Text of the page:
, Ethical issues in consumer genome sequencing: Use of consumers’ samples and data. Appl Transl Genom 2016;8:23–30.

  15. 15.

    , , , Tilting at windmills no longer: a data-driven discussion of DTC DNA ancestry tests. Genet Med 2012;14:586–593.

  16. 16.

    ACMG Board of Directors. Direct-to-consumer genetic testing: a revised position statement of the American College of Medical Genetics and Genomics. Genet Med. 2015:1–2.

  17. 17.

    , , , , ; American Society of Clinical Oncology. American Society of Clinical Oncology policy statement update: genetic and genomic testing for cancer susceptibility. J Clin Oncol 2010;28:893–901.

  18. 18.

    , , , ; American Society of Human Genetics Social Issues Committee. ASHG Statement* on direct-to-consumer genetic testing in the United States. Obstet Gynecol 2007;110:1392–1395.

  19. 19.

    European Academies Science Advisory Council, Federation of European Academies of Medicine. Direct-to-Consumer Genetic Testing for Health-Related Purposes in the European Union: the view from EASAC and FEAM. 2012:1–36. . Accessed 22 June, 2015.

  20. 20.

    European Society of Human Genetics. Statement of the ESHG on direct-to-consumer genetic testing for health-related purposes. Eur J Hum Genet 2010;18:1271–1273.

  21. 21.

    Human Genetics Commission. A Common Framework of Principles for Direct-to-Consumer Genetic Testing Services. 2010:1–15. . Accessed 22 June, 2015.

  22. 22.

    Nuffield Council on Bioethics. Chapter 9. Personal genetic profiling for disease susceptibility. In: Medical Profiling and Online Medicine the Ethics of Personalised Healthcare in a Consumer Age. 2010:142–163. . Accessed 22 June, 2015.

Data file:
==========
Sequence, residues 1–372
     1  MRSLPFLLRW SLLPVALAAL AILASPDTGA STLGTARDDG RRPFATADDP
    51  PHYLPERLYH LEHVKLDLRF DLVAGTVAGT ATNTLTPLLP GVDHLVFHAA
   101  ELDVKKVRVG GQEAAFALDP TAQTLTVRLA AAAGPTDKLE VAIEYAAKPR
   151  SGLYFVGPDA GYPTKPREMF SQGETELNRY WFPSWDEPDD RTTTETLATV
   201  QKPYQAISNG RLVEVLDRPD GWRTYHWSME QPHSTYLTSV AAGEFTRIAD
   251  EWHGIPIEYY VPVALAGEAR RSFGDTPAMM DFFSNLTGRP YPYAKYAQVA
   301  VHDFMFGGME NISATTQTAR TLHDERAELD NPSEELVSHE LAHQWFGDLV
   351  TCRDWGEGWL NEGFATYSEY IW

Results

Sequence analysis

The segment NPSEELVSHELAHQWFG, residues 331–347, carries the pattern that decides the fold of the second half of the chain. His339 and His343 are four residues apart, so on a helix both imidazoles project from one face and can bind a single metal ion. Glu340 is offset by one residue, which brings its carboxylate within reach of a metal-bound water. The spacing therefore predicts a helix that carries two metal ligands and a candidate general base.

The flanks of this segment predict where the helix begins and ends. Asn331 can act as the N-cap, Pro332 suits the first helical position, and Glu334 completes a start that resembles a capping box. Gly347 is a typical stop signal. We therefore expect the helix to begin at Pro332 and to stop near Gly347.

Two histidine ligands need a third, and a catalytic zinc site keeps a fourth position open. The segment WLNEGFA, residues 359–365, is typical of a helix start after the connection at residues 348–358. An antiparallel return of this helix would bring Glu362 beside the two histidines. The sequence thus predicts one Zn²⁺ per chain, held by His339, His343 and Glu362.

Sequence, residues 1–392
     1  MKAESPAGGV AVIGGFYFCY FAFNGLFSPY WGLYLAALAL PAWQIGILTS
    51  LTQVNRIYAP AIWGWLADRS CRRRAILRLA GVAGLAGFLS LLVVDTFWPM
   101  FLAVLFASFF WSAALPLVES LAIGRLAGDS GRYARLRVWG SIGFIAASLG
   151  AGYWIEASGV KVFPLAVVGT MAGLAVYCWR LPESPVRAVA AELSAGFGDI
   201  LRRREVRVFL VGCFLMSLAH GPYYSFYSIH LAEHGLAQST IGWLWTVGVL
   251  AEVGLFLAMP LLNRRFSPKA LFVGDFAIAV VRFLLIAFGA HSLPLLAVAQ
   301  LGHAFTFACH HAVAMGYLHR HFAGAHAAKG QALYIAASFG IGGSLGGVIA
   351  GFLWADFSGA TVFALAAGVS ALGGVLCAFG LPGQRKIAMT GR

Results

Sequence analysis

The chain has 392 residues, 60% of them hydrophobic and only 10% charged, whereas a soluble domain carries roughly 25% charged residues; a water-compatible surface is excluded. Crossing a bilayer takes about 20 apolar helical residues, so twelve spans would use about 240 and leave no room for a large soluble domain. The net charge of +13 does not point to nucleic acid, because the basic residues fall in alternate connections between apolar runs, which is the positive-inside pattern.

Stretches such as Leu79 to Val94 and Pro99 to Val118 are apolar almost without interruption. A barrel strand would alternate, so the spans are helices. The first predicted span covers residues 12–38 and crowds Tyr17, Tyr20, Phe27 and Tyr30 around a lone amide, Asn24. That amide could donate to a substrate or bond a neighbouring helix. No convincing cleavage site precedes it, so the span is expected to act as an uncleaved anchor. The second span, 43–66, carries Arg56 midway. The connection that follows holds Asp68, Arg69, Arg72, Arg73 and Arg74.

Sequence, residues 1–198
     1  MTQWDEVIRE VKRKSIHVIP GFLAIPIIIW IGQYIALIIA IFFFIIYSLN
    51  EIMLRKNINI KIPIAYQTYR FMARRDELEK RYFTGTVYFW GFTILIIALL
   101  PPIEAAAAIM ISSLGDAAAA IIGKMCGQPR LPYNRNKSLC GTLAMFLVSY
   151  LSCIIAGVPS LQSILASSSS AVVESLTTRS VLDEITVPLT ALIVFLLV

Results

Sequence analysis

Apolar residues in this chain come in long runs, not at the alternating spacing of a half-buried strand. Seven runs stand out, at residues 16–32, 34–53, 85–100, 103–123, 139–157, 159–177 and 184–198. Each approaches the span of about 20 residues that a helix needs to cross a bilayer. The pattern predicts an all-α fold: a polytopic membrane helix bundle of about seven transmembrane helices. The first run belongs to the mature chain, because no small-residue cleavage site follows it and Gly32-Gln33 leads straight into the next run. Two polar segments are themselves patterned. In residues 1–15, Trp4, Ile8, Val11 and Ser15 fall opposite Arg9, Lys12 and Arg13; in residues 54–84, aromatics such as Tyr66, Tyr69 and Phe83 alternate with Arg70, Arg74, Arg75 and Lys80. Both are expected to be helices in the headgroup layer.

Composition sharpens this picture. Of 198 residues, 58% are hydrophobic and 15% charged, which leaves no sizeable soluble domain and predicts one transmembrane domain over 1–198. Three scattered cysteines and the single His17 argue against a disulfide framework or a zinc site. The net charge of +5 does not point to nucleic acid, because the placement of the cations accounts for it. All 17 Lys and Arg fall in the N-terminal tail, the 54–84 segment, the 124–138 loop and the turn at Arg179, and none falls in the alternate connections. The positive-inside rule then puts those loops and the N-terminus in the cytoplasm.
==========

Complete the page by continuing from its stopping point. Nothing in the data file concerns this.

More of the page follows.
23. 23.

    Qualitative research: thoughts on how to do it; how to judge it; when to use it. Genet Med 2005;7:155–158.

  24. 24.

    , , , , Using the framework method for the analysis of qualitative data in multi-disciplinary health research. BMC Med Res Methodol 2013;13:117.

  25. 25.

    National Human Genome Research Institute. Genetic Information Nondiscrimination Act of 2008. 2015. . Accessed 6 June 2016.

  26. 26.

    , , , , Informational content, literacy demands, and usability of websites offering health-related genetic tests directly to consumers. Genet Med 2010;12:304–312.

  27. 27.

    National Library of Medicine M. How to Write Easy-to-Read Health Materials. 2016. . Accessed 6 June 2016.

  28. 28.

    , , , et al. Risk information exposure and direct-to-consumer genetic testing for BRCA mutations among women with a personal or family history of breast or ovarian cancer. Cancer Epidemiol Biomarkers Prev 2009;18:1303–1311.

  29. 29.

    Taking as giving bioscience, exchange, and the politics of benefit-sharing. Soc Stud Sci 2007;37:729–758.

  30. 30.

    , , , , , Genetic testing for Alzheimer’s and long-term care insurance. Health Aff (Millwood) 2010;29:102–108.

  31. 31.

    , , , From genetic privacy to open consent. Nat Rev Genet 2008;9:406–411.

  32. 32.

    , , , , Identifying personal genomes by surname inference. Science 2013;339:321–324.

  33. 33.

    , , , , , Dynamic consent: a patient interface for twenty-first century research networks. Eur J Hum Genet 2015;23:141–146.

  34. 34.

    , , The food industry and self-regulation: standards to promote success and to avoid public health failures. Am J Public Health 2010;100:240–246.

  35. 35.

    US Federal Trade Commission. January 2014. Direct-to-Consumer Genetic Tests. . Accessed 24 July 2016.

Download references

Author information


  1. Joseph J. Zilber School of Public Health, University of Wisconsin–Milwaukee, Milwaukee, Wisconsin, USA

    • Linnea I. Laestadius
    • , Jennifer R. Rich
    •  & Paul L. Auer


  1. Search for Linnea I. Laestadius in:

  2. Search for Jennifer R. Rich in:

  3. Search for Paul L. Auer in:

Corresponding author

Correspondence to Linnea I. Laestadius.

Supplementary information